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Radiology magazine reports that doctors surveyed would not report errors

According to, radiologists would be reluctant, and a majority would not inform patients of errors in interpreting previous x-rays.  A physician from the departments of medicine and bioethics at the University of Washington conducted a study that surveyed 364 radiology specialists from seven different geographic regions.  He found that if presented with a historical error in mammogram interpretation, only 15 percent answered that they would inform the patient "that an error had occurred" and that calcifications had increased in number between mammograms.

24 percent reported that they would not say anything to the patient, while 31 percent indicated they would tell the patient "the calcifications are larger and now are suspicious for cancer" without addressing the previous error.  30 percent indicated that they would tell the patient that "the calcifications may have increased on your mammogram, but their appearance is notas worrisome as they are now."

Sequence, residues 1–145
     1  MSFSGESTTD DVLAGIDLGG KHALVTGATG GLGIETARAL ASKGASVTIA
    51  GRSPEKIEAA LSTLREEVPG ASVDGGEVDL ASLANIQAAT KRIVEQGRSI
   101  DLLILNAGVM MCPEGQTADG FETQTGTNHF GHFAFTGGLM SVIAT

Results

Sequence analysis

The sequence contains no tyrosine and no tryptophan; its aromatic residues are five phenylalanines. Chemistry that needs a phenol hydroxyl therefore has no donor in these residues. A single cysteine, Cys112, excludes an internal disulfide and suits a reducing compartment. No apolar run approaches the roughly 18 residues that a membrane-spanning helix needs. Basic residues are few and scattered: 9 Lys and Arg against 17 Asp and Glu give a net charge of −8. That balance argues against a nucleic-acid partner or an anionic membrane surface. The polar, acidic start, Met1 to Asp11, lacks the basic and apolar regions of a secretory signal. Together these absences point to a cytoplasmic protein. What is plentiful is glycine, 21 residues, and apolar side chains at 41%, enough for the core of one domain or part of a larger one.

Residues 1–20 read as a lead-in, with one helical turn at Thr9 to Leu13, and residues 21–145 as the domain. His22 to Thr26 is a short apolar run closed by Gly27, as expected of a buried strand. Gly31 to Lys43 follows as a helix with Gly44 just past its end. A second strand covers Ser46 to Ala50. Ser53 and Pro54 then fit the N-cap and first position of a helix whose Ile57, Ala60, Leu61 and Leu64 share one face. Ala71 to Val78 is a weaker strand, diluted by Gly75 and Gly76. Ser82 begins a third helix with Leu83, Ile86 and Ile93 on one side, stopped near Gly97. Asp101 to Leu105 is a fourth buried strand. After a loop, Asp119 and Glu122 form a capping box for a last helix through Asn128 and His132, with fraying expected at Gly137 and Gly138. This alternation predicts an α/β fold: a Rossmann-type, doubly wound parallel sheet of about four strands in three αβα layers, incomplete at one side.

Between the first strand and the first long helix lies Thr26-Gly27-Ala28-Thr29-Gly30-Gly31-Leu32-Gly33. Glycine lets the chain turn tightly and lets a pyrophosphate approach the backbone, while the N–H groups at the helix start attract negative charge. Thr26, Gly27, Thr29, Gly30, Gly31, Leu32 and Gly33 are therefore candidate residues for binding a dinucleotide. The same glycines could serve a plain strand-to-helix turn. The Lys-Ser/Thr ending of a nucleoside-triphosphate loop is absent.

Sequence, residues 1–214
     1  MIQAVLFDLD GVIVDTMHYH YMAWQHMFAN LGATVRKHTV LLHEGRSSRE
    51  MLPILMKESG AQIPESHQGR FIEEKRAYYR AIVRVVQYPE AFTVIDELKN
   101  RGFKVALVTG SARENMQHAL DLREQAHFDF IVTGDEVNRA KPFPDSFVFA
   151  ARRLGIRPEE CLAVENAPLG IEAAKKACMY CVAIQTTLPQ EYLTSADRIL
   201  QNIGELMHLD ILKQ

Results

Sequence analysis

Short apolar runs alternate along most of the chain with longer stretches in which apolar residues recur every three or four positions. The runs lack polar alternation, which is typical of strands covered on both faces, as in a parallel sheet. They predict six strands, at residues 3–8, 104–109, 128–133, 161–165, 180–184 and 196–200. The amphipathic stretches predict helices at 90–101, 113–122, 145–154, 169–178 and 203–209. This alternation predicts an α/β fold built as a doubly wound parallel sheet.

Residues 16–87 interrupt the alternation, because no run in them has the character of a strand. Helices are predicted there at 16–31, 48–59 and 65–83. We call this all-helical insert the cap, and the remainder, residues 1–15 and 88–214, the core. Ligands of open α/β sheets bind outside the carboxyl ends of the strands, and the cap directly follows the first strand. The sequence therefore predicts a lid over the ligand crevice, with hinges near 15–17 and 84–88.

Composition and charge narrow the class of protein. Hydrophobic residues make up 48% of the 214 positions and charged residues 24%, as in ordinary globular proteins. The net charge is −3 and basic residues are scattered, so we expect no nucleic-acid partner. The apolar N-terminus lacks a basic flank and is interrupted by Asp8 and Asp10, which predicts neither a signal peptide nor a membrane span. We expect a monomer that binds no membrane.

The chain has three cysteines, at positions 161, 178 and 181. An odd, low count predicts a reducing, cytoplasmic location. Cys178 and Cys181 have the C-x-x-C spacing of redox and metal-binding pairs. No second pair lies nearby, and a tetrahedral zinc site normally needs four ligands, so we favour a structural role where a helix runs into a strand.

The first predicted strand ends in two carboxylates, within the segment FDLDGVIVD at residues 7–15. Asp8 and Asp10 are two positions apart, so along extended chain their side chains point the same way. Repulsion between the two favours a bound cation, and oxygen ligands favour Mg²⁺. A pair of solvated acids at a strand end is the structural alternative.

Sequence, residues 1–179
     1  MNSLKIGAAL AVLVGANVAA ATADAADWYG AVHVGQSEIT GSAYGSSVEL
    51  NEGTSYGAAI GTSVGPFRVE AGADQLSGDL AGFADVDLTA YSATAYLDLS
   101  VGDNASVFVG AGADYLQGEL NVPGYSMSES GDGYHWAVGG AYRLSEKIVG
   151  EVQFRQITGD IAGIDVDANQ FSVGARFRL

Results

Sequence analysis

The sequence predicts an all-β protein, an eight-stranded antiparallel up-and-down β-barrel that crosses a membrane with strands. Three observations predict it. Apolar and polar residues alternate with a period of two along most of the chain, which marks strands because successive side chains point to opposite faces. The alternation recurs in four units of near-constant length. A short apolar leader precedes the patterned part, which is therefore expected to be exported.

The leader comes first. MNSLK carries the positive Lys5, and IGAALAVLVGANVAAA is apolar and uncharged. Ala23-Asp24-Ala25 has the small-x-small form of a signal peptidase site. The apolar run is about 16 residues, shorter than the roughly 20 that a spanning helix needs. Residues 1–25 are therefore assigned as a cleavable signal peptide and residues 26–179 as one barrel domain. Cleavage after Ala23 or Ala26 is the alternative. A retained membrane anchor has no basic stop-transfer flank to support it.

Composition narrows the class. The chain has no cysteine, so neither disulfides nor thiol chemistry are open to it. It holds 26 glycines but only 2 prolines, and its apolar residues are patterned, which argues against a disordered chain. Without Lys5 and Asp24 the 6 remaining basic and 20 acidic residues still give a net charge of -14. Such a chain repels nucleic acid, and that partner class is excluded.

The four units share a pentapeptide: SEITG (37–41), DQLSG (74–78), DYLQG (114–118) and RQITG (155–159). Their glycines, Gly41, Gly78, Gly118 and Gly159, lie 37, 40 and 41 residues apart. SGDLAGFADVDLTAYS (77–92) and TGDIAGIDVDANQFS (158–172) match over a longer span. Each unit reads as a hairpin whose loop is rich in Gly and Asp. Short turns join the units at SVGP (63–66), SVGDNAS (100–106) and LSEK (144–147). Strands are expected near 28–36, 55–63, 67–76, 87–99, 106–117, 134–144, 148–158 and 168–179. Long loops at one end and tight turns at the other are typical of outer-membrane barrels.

In Michigan, women presented with this misleading, inadequate, and perhaps fraudulent interpretation of their history would have six months from the date of the conversation to file a lawsuit:  no wonder only 1 in 8 victims of malpractice actually sue.  Many can't count on getting the truth until it is too late.

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